Yes. An injunction is part of the public record, which means that anyone who is conducting a background check of the respondent can find out about his or her criminal history in this regard. This can have serious repercussions and affect the respondent’s ability to obtain a bank loan, find suitable housing, and seek gainful employment.
Can a person appeal a repeat violence injunction?
Yes. The respondent can appeal a repeat violence injunction. Only a seasoned Florida criminal defense lawyer can properly advise the respondent as whether or not it is worth appealing the injunction.
Will an expired repeat violence injunction still affect me in the future?
Yes, even if a repeat violence injunction expires, it is still part of the public record and cannot be expunged.
Do I need a Florida criminal attorney to represent me if a petition for a repeat violence injunction has been filed against me?
It is not legally required for a respondent to hire a Florida criminal defense attorney however, it is highly advised that he or she does so in order to safeguard his or her legal rights and develop the strongest defense strategy possible to refute the allegations.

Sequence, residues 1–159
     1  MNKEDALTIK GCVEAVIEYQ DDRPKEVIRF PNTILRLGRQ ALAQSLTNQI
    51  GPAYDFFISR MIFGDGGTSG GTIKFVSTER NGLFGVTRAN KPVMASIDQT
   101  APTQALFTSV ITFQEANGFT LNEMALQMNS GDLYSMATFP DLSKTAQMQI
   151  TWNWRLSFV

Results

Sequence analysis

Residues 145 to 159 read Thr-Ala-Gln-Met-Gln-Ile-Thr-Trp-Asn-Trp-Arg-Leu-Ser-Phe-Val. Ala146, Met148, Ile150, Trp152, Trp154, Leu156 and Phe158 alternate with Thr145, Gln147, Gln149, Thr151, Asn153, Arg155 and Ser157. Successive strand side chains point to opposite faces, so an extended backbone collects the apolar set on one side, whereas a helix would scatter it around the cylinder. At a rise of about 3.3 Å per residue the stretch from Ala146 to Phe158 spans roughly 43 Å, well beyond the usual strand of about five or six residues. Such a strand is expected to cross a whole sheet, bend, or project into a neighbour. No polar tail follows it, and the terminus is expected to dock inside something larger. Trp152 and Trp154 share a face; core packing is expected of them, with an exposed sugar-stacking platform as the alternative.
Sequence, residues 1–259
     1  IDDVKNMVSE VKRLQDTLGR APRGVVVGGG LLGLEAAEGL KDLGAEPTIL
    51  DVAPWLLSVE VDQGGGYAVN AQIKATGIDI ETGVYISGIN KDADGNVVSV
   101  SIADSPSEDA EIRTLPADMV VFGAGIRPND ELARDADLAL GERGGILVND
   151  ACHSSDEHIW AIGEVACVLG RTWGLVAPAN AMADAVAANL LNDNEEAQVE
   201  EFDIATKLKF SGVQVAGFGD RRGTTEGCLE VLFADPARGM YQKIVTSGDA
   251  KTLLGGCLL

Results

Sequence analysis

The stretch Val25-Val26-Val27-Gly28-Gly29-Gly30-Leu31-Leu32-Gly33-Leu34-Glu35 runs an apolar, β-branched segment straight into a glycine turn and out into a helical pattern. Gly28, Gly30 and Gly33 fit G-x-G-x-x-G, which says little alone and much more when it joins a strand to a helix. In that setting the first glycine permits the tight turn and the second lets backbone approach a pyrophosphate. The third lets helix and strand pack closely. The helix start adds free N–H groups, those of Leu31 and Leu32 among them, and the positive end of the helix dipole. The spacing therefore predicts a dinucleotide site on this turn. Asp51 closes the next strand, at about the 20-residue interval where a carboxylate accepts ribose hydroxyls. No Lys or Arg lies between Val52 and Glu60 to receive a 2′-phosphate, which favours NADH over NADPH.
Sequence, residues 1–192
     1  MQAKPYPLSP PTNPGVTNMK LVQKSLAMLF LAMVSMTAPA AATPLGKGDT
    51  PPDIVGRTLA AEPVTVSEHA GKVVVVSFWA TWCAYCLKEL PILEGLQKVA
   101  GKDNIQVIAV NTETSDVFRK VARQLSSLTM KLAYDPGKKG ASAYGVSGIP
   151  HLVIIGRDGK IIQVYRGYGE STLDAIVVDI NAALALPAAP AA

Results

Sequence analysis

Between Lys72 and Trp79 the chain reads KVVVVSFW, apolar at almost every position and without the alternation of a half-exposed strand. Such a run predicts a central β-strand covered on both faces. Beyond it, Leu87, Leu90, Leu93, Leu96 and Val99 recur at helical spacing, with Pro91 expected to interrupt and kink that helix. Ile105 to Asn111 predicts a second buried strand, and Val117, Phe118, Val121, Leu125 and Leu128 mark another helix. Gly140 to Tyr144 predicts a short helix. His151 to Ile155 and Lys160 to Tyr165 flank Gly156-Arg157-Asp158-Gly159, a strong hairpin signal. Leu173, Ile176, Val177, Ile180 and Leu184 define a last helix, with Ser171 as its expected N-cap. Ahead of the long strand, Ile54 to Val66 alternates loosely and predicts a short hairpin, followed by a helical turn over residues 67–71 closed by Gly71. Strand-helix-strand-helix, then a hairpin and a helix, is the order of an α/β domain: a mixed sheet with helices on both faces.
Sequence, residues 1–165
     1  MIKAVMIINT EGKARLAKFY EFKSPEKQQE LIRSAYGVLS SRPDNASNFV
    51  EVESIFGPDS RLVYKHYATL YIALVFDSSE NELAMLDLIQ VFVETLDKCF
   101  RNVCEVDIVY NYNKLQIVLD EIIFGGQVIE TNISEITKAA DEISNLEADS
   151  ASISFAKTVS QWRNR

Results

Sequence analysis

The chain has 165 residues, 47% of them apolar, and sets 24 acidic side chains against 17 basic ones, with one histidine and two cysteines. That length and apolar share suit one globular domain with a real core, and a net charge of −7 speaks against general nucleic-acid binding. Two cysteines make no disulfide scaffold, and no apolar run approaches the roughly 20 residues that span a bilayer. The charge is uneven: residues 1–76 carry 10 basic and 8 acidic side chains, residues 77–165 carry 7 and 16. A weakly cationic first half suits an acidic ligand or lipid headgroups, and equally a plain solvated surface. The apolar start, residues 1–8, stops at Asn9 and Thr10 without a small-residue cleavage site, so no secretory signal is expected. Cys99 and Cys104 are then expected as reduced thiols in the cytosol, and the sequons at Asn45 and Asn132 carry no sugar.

What are the consequences of a repeat violence injunction?
There are many negative implications of a repeat violence injunction which can drastically affect one’s life for years to come, if not permanently. The consequences include difficulty finding gainful employment and suitable housing as well as obtaining a bank loan. This is why it is vital for a respondent to work with a knowledgeable criminal defense attorney to safeguard his or her legal rights and interests as well as mount the most effective defense strategy possible.
Contact Musca Law Today to Learn More About Your Legal Rights and Options
Facing the prospects of a repeat violence injunction can be frightening, as an active injunction can negatively affect your life in several serious ways. When you work a seasoned Miami criminal defense attorney at Musca Law, he or she will help you to challenge a repeat violence injunction to the fullest extent of the law. Our firm’s attorneys are among The National Trial Lawyers – Top 100 Trial Lawyers, included in the 2012 Florida Super Lawyers® for criminal defense, and boast 10.0 Superb Avvo ratings. Our attorneys are skilled, experienced, tenacious, and relentless when it comes to defending our clients. To learn more about how Musca Law can make a difference for you, call (888) 484-5057 today.